Tuesday, October 27, 2015

Trailer Park Tuesday: The Muralist by B. A. Shapiro

Welcome to Trailer Park Tuesday, a showcase of new book trailers and, in a few cases, previews of book-related movies.

The trailer for B. A. Shapiro’s novel, The Muralist, is a straightforward one: nothing too fancy or flashy, just a succinct narration by the author detailing how she came to write this new book (her previous book, The Art Forger, came out in 2012). But in cases like this, when there’s a fascinating story to be told, we don’t need an artsy-fartsy trailer to engage us. Shapiro’s story-behind-the-story is attention-getting all on its own: “When I sat down to write The Muralist, I knew I wanted to write about two things: art and the Depression. When you combine these two things, you come up with Roosevelt’s New Deal program, the WPA.” Shapiro goes on to tell us about how several famous painters came out of the Works Project Administration artists branch: Jackson Pollock, Lee Krasner, Willem de Kooning and Mark Rothko among them. When the U.S. entered World War Two, the program was scrapped. “The WPA had paintings and sculptures and nothing to do with them,” Shapiro explains. “So they took them, put them in boxes, and left them on the street as trash.” When she heard about this, Shapiro’s fiction-writer radar went on full alert and she knew she had the start of a novel. You’ll have to watch the trailer to see how Shapiro weaves art, war and politics into the tapestry of her novel. And then, after you’ve seen the video, you'll want to read The Muralist to scrape off the layers of paint to uncover the mystery behind one painter’s disappearance. The novel, published by Algonquin Books, officially hits bookstores, libraries and e-readers on November 3.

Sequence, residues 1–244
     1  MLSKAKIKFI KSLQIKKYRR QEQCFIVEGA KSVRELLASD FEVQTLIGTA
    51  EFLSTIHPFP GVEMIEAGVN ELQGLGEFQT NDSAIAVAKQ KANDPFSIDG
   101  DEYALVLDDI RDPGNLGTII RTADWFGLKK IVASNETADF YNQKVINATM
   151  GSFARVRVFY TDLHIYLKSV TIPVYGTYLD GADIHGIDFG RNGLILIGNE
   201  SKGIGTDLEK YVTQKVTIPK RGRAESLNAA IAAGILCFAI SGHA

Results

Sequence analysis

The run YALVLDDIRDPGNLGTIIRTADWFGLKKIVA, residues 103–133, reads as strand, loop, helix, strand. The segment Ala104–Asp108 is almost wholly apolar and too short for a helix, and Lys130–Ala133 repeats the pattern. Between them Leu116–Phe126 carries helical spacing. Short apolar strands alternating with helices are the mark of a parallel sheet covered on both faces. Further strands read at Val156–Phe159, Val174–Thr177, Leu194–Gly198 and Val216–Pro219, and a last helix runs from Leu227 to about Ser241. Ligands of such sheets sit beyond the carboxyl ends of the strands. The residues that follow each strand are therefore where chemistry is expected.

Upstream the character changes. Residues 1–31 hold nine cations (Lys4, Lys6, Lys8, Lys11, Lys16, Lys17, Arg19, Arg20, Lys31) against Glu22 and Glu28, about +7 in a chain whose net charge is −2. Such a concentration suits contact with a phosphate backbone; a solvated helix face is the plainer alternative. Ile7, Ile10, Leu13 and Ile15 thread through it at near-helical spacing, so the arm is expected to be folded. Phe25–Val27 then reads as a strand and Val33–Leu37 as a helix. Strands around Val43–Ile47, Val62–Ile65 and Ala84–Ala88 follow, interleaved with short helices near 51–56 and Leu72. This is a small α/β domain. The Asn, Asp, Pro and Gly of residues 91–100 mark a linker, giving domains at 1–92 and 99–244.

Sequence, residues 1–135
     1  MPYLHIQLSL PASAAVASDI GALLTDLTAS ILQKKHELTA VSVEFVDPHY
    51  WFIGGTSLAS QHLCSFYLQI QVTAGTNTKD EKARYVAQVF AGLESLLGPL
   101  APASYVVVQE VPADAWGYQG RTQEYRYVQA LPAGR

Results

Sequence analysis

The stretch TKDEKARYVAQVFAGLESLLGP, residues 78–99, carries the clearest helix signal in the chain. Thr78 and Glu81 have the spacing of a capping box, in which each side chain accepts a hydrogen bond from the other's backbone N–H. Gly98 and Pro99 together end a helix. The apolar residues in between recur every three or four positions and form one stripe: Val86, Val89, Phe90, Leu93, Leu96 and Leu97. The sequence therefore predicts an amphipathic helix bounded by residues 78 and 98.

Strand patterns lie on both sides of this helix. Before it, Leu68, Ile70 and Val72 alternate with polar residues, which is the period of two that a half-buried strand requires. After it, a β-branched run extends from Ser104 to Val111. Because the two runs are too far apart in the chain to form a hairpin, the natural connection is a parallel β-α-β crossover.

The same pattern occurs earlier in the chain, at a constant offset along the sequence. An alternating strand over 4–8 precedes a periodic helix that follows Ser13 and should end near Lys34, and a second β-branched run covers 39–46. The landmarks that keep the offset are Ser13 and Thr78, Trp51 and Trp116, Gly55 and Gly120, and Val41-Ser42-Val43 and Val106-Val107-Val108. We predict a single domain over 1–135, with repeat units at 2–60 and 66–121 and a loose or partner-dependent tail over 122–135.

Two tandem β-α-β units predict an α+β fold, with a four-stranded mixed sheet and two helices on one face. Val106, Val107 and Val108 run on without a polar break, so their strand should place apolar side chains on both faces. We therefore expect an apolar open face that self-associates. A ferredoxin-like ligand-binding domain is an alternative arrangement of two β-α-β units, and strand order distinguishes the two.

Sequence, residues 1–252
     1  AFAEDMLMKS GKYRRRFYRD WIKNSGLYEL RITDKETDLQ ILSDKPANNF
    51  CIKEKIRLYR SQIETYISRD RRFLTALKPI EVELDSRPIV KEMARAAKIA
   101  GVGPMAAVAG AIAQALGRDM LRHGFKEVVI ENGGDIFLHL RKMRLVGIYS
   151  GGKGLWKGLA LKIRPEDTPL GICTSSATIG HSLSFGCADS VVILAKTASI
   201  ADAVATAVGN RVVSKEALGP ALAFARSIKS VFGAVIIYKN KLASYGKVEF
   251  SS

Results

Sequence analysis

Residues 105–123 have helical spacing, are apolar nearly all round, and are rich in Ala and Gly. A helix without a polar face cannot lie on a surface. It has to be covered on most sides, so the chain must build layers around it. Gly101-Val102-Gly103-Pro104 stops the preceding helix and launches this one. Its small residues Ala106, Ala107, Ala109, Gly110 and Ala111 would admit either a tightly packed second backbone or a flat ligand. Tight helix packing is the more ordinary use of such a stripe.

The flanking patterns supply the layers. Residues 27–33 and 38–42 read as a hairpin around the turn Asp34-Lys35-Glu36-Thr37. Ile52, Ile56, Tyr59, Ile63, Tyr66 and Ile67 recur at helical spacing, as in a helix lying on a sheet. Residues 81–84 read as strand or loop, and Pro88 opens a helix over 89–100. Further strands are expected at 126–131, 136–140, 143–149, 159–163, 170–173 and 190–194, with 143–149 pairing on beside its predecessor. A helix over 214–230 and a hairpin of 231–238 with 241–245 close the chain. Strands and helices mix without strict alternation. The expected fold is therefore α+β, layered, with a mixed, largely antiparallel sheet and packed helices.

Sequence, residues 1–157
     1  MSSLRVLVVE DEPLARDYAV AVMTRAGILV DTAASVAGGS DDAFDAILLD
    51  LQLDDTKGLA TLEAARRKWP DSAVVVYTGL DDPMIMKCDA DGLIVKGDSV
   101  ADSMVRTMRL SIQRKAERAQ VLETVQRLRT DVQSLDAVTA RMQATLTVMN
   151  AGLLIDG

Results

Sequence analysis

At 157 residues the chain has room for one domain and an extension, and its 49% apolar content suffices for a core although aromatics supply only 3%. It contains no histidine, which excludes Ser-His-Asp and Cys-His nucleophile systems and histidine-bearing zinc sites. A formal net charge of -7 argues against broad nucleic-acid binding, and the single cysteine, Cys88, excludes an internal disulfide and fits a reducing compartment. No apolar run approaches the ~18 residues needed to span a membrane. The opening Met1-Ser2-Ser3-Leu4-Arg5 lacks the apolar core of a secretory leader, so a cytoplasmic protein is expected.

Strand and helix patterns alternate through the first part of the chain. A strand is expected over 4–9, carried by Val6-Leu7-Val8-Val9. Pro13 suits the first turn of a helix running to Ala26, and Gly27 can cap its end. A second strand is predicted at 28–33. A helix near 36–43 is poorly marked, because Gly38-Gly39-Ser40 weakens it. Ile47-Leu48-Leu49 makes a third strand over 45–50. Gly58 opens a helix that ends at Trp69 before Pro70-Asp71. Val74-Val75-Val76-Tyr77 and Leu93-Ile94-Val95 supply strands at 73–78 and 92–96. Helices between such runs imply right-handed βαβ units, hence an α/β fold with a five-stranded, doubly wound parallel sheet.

1 comment:

  1. I've read other Shapiro books and have enjoyed them immensely. This book is no exception. With Shapiro books I learned something about art and in this case it was abstract impressionism. Mark Rothko and Jackson Pollock and Eleanor Roosevelt were characters in the book. Real people in a a fictional setting is always a bonus.